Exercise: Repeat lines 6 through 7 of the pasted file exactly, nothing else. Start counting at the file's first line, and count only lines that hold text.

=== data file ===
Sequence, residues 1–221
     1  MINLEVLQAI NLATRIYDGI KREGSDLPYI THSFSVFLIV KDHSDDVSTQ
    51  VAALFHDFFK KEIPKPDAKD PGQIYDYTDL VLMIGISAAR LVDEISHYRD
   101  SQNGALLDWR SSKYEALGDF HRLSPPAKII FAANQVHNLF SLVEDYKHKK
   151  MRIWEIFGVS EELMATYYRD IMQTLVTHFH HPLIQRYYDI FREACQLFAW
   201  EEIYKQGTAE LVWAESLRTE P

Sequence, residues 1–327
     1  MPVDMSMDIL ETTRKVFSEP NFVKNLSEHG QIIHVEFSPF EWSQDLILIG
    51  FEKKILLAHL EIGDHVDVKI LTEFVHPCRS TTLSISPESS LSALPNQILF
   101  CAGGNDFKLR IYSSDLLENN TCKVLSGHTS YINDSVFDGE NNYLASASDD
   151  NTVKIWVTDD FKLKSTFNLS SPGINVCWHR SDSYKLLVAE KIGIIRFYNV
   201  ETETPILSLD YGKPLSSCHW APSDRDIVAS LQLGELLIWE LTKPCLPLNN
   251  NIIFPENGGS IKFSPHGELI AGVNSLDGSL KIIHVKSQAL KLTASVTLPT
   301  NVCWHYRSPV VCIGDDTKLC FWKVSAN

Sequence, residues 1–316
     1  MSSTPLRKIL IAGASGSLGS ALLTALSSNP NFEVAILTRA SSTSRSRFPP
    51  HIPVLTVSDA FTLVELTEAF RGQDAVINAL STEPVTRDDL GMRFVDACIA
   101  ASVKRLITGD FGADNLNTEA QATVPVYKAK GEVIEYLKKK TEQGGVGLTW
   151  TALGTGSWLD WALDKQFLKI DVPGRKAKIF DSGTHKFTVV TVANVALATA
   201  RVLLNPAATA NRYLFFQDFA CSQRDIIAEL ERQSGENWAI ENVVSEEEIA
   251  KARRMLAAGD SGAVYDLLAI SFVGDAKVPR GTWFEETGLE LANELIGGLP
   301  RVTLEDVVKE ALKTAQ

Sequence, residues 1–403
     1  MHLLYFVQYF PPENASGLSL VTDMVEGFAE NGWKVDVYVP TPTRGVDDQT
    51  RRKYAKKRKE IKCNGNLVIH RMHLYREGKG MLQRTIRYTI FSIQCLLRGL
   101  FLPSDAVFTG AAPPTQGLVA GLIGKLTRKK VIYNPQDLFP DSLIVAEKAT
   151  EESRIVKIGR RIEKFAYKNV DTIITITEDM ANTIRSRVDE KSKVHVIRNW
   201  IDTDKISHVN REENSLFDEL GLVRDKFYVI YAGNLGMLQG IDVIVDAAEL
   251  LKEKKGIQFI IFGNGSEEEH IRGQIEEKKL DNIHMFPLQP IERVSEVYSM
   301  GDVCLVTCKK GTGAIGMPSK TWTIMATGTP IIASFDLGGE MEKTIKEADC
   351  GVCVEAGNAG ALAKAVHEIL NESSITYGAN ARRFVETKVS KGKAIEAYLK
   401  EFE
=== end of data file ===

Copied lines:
   201  EEIYKQGTAE LVWAESLRTE P

Sequence, residues 1–327